NASA is preparing the Orbital Flight Test-2 (OFT-2) mission to send a Boeing CST-100 Starliner spacecraft to the International Space Station (ISS). The launch should have been on July 30, but was delayed in response to the unplanned thruster firing by the new Nauka module docked to the ISS.
OFT-2 will be the second uncrewed flight test for the Starliner spacecraft. The first of these test flights was launched December 20, 2019 (above). This mission revealed potentially disastrous technical issues with the Starliner. Software problems caused the craft to make manoeuvers that would have imperilled any astronauts on board and it was unable to carry out the planned docking with the ISS. Luckily the only “person” onboard was "Rosie the Rocketeer", a test dummy!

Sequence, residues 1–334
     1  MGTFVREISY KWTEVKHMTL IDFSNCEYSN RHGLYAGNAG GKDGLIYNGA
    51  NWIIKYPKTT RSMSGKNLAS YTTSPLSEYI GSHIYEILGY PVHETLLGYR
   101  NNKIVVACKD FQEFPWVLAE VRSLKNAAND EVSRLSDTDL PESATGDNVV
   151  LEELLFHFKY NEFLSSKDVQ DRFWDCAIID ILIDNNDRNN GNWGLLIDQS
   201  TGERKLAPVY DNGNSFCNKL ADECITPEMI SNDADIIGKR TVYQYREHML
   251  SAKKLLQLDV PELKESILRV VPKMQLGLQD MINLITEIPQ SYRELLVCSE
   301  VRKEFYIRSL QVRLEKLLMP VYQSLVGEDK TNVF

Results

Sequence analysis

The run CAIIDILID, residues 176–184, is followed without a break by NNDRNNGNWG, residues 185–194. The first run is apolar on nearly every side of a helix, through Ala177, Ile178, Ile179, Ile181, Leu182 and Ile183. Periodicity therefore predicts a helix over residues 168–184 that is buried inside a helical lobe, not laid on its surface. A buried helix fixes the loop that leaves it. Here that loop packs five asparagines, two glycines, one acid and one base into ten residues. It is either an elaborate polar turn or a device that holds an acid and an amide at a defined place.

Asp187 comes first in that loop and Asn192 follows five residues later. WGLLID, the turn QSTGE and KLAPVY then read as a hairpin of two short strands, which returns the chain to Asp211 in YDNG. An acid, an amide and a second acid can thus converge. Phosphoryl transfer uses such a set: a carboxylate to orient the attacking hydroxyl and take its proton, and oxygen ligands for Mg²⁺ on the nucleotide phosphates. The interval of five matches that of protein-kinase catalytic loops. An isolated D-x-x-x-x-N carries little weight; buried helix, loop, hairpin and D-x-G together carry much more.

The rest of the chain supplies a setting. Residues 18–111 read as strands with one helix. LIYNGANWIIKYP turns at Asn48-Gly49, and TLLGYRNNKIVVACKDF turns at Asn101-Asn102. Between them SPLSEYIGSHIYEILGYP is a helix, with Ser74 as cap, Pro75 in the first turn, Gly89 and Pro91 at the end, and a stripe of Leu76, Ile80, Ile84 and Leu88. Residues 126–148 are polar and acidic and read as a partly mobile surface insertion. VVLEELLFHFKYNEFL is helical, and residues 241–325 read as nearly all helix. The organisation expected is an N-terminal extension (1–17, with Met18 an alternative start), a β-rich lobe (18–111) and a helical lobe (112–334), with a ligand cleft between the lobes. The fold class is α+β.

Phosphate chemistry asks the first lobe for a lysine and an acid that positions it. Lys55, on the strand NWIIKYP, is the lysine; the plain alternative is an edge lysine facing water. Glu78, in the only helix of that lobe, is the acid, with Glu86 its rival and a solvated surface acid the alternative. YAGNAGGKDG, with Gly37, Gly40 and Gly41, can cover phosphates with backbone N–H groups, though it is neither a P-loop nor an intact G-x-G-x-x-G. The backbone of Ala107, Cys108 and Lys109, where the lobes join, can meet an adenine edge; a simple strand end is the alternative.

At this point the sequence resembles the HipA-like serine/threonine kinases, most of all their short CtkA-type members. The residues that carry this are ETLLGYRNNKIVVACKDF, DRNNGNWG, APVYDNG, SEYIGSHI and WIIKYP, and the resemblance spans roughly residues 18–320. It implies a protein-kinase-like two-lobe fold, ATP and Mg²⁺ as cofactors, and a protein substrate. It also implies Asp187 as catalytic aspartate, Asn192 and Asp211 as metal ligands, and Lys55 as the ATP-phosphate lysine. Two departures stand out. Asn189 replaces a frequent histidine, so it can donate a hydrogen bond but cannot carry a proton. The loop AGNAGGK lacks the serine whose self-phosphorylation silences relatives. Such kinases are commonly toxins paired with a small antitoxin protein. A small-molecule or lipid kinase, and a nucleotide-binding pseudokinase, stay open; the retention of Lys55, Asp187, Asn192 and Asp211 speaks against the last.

Engineers at the Boeing company have worked to rectify a long list of deficiencies with the Starliner design and confident that it is now ready.
On Tuesday, August 3, the Starliner will launch on a United Launch Alliance Atlas V rocket from Space Launch Complex-41 at Cape Canaveral Space Force Station in Florida, USA (UPDATE: this has been postoned again, the new launch time and date are to be announced). The spacecraft will carry over 700 lb (318 kg) of crew supplies and equipment to the ISS and 5-10 days later it will return, carrying some critical research samples to Earth. It will descend under parachutes to touch down in the desert of the western United States.
If the mission is successful, the Starliner will be cleared to carry astronauts on its next flight scheduled for summer 2022.
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Image credit: NASA/Joel Kowsky